|"Can I have a few bucks?"|
|I love this drawing I got off the internet. I meet each as an individual and value my friendships with many.|
There is one lady who comes to me and says she wants to see me "in private". She bats her eyelids, puts on those puppy dog eyes, and tells me she has been raped again, or that somebody stole her purse and could she have "x" number of dollars until she gets her benefit? My wife does not like me "seeing her in private" she quite rightly says it puts me in danger of all sorts of accusations. I have sometimes given her food, but never money. She protests that she needs to buy "meat, or fresh bread or milk and needs money". I know that she flats with a number of men who use drugs, and I'm pretty sure she also uses. This week I did not give her money, she looked at me sadly and wandered off.
I was phoned up by a man who did not even introduce himself, he assumed I would recognise his voice. He needed furniture moved and "you have a van Dave, you could move it for me!" "No I don't have a van now." "Yes you do... it won't take you long!" "No I don't have a van." "Oh... you will know somebody with a van... could you get somebody to help out?" I did not know somebody with a van who was generous (or silly) enough to do it, so I said, "No I don't.... sorry can't help you!" He tried once more to convince me to assist him, but I finally convinced him I would not help and he hung up. Good grief, if you want somebody to help you at least have the courtesy to introduce yourself! I think he was a Christmas dinner regular. Should I have helped? Am I mean? I have helped lots of people move over the years.
Another man at the drop-in centre I got playing table tennis with. He did not ask for money. As we shared a cup of tea and conversation after the games he told me about his situation. He told how he would be bludging off friends for a week before his boss paid him. He seemed genuine and was not asking. I knew I had $20 left of some money given for benevolence so I went to the office put it in an envelope and handed it to him. He protested, but was pleased to be able to go buy some baked beans. Was he cunningly telling me his story so that I would feel sorry and give him money? I don't think so.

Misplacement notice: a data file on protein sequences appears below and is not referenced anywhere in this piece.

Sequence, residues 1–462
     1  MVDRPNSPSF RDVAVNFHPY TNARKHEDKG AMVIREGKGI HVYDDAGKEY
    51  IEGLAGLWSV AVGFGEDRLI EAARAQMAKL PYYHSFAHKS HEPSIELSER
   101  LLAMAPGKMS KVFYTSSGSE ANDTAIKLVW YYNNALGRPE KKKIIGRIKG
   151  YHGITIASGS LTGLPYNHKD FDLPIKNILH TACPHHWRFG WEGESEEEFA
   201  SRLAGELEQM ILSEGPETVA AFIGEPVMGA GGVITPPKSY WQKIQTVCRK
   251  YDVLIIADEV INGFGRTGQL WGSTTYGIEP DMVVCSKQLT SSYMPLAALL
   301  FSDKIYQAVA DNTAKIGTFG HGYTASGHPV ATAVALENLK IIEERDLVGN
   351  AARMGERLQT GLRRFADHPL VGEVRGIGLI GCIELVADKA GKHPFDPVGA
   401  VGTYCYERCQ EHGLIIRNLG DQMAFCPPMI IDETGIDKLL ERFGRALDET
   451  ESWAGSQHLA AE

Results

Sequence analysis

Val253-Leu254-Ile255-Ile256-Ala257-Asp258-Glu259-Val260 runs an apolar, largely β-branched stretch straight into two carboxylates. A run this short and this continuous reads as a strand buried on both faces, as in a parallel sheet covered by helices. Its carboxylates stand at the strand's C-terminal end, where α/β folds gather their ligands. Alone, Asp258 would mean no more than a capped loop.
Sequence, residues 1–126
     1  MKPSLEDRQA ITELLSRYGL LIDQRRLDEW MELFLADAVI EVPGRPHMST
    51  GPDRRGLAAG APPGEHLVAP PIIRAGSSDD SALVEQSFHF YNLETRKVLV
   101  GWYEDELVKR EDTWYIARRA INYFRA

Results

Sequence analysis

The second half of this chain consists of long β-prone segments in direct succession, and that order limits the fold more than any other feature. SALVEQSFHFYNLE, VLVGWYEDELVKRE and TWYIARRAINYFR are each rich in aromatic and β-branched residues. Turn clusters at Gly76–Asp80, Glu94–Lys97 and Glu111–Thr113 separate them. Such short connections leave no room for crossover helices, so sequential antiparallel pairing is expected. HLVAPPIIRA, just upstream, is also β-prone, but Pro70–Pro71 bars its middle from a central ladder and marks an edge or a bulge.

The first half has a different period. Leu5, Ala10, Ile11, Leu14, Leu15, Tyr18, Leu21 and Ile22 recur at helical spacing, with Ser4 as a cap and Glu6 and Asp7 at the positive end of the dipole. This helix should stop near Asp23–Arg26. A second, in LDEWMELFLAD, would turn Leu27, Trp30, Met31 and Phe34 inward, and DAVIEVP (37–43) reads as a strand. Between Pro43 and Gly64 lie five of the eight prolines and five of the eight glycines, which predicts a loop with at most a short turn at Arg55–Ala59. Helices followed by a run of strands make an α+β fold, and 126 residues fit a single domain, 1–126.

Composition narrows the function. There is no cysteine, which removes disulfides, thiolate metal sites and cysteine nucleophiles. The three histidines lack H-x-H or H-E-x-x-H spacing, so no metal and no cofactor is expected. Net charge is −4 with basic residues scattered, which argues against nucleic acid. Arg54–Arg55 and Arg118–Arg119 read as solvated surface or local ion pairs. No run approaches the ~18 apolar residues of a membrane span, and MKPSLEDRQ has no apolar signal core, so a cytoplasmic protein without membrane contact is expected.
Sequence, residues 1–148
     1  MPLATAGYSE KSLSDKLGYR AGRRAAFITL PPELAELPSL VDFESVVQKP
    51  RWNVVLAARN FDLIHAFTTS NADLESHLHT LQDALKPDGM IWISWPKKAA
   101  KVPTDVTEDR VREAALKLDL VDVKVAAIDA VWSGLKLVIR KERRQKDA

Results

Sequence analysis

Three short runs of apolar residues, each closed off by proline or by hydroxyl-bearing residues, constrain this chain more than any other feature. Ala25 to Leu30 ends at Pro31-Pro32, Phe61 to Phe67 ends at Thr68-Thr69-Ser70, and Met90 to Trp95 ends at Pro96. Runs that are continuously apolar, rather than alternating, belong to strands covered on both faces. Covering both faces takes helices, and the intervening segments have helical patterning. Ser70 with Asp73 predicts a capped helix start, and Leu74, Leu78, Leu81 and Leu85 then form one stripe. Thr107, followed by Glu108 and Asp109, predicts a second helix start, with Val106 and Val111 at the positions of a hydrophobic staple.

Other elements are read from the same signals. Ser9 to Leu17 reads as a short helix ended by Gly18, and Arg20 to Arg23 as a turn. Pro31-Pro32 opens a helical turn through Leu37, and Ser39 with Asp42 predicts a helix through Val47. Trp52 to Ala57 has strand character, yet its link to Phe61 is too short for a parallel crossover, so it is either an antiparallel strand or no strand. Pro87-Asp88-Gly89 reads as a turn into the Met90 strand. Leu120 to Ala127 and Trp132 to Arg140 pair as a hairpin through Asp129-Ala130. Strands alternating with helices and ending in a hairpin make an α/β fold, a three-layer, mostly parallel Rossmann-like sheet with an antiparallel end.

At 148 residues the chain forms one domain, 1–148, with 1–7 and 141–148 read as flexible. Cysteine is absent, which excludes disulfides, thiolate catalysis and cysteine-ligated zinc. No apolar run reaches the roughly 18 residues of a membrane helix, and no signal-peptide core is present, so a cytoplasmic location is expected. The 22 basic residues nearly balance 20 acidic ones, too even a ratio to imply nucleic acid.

On Saturday late afternoon a man rang me with a long tale of woe. Would I give him some money for food. I listened to his story and thought "he's telling lies!" I had nothing but my well honed BS detector to go on so I truthfully told him that my benevolent fund and the food cupboard at the church was empty so I could not help him. I pointed him toward the Night Shelter which he did not want. There he could have food and lodgings free. This made me certain he wanted money, but not for food. Unknown to me he turned up before Church this morning asking for me. My wife dealt with him and she too did not give him money. She said he seemed scary and desperate (drug addiction). I had a phone call from a church minister along the road from me about 25 minutes before church started. He had gone along there and was trying them out.
My wife received her first pension this week. There was a need at the Night Shelter and she decided she would rather pay for it than have me trying to fix it myself... so her first pension was posted off to the treasurer.
All these have happened in the last week. I have developed a certain hardness over the years. I think sometimes people make silly choices and it does not hurt them to go hungry. Bailing them out all the time can just support their lifestyle. I have also developed a well honed bullshit detector. I have sometimes said bluntly, "No I am not giving you money, I don't believe your story!" When they have protested I have said, "Don't waste your time trying to convince me. Try it on some other mug." I have been threatened with "the Mongrel Mob"... "I know where you live". But I think over all I am generous with my time and money toward people in need, but I am not stupid. It is a hard balance. In the 1970s when I began ministry, there was perhaps the occasional itinerant who would try it on. Now it is a constant demand, even when word gets around that you are not the softest touch in town. People at the drop-in know I am there to support them, but they also know they cannot easily rip me off. I do appreciate honesty and real need and am often generous when I know I am not being lied to. I am experienced with these sorts of people but I know other ministers who frequently give money when they should not. If you are a praying person, pray for us ministers having to decide such things.
This week I will spend hours holding a bucket outside supermarkets and such places, looking hopefully at people's faces wanting them to donate money to the Night Shelter. I hope they are generous!